Monday, we did a repeat, first stopping in the pass. We only caught one snook there. It was really rough on the outside, and I could tell my guys were very uncomfortable. We were catching snook, but the bite was not as wild as the day before, so I elected to move to the backcountry early. I could tell the boys were relieved to be on flat water.
We fished the area from McKeever Keys to north of Demere Key, and caught 20+ snook, several reds, three keeper trout, and a flounder. All in all, it was a pretty good day, and we had managed to avoid most of the holiday traffic.
Tuesday, I figured we'd have it all to ourselves. The wind was still up, so I suggested we stay inside the sound and work our way all the way to the north end, hitting the holes as we went. The guys agreed. We didn't slam the fish in any one spot, but we caught a few at each stop. I really wanted to get them into reds, but the reds had been hard to find. We'd managed a few each day, but it had been difficult to get them to come out from under the mangroves and eat a bait. Most of the fish were caught when the shiner was thrown under the mangrove edge. Buy day's end we'd caught a respectable number of snook, several reds, several trout, several large jacks, and two large nurse sharks. Back at the ramp, Bill and Bob congratulated me on a job well done during the four days of fishing.
Wednesday was a much needed day off. I had a large bubble develop on the left front tire of my van that I just knew would pop any minute. Tire Kingdom took care of that. Then I spent several hours at the new Sports Unlimited getting some much needed supplies. I took it easy the rest of the day. That evening I called Beverly and told her that I was going to put her on more snook that she could imagine, rather than chasing the reds that had been hard to find. She agreed.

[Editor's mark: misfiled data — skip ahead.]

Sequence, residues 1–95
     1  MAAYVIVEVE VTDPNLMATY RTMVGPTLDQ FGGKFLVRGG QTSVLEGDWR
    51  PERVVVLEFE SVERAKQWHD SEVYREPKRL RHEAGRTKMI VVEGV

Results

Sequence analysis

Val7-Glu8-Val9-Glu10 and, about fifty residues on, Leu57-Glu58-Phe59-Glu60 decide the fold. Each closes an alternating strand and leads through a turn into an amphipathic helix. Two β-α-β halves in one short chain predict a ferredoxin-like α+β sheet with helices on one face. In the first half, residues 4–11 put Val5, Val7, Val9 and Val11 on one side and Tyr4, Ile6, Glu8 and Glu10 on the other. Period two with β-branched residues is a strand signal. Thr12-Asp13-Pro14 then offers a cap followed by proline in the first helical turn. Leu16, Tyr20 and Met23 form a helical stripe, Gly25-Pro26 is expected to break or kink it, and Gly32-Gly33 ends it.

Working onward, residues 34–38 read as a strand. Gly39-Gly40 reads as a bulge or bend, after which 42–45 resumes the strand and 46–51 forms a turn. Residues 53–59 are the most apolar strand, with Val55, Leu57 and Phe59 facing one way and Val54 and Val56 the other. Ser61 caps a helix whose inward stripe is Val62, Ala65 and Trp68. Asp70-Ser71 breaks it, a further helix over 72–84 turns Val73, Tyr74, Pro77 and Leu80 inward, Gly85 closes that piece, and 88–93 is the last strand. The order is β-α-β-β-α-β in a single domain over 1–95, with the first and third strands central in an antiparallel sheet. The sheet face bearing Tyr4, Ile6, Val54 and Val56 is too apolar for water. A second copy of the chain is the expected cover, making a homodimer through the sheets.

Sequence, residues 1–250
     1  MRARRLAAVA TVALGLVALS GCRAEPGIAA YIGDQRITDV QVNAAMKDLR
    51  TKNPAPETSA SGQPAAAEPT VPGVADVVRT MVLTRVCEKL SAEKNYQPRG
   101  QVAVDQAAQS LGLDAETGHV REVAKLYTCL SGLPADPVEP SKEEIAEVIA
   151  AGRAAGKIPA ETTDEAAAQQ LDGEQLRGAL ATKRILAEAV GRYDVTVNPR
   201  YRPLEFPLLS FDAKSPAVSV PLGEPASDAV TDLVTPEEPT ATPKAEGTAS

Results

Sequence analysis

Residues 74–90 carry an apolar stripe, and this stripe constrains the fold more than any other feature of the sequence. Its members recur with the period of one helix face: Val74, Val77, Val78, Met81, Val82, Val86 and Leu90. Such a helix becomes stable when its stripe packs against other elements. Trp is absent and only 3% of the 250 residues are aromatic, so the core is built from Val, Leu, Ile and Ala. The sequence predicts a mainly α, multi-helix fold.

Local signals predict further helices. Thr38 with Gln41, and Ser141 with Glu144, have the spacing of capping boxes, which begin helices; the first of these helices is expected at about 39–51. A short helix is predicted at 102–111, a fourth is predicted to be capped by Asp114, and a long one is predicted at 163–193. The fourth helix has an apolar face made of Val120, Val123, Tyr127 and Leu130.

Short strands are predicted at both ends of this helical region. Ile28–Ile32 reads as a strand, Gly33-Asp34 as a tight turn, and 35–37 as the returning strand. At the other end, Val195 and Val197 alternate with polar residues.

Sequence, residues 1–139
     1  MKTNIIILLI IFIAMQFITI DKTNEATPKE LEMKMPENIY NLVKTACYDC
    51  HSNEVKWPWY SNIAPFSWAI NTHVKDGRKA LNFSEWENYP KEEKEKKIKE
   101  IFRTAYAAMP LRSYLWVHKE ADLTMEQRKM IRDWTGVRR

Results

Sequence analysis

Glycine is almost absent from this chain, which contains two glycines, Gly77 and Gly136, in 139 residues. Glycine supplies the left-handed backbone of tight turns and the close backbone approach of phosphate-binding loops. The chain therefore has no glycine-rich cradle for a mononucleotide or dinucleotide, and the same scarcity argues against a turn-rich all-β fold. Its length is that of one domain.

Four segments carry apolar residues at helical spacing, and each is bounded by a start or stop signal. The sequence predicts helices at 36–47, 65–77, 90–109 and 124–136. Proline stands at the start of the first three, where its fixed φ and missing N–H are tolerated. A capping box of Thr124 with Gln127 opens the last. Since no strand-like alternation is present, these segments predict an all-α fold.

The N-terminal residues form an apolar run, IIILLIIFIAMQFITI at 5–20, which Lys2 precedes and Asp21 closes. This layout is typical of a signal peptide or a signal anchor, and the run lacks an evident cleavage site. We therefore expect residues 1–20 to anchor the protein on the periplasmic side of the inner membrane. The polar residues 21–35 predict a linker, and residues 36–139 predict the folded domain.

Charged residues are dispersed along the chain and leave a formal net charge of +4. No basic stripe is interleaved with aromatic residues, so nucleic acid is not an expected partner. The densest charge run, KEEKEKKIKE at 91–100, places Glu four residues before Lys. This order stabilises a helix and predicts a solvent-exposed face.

We had two live wells full of pilchards by 7:15, and were off to the pass. We were between tides, and there was no current flow in the pass at all, so I went straight to the beach. We still had a serious surf, and it was rough as hell, but from the time we anchored and threw the first bait it was absolute pandemonium. By 11:30, we had caught, or broken off a snook for every bait in the rear well, and were already into the front well. I'm sure I had eight to ten dozen baits in the rear well. I'd guess that at least 20 of those fish were above the 24" legal size, but it was June 1. Over and over Bev said, "That was a keeper yesterday."
At around 11:30 I called a halt to the snooking. I figured we'd caught more snook than most people would believe, and had more fun than the law allows. I headed across the sound in search of redfish. We caught more snook in the backcountry, as well as several nurse sharks, a couple of legal trout, some jacks, and yes, after losing several, a beautiful 26.5" red with about 14 spots on her body. What a beautiful fish. It was the end to a perfect day, and I don't know what I'm going to do for an encore next time I take Bev fishing.
Copyright 1995, Douglas Rickey Jr.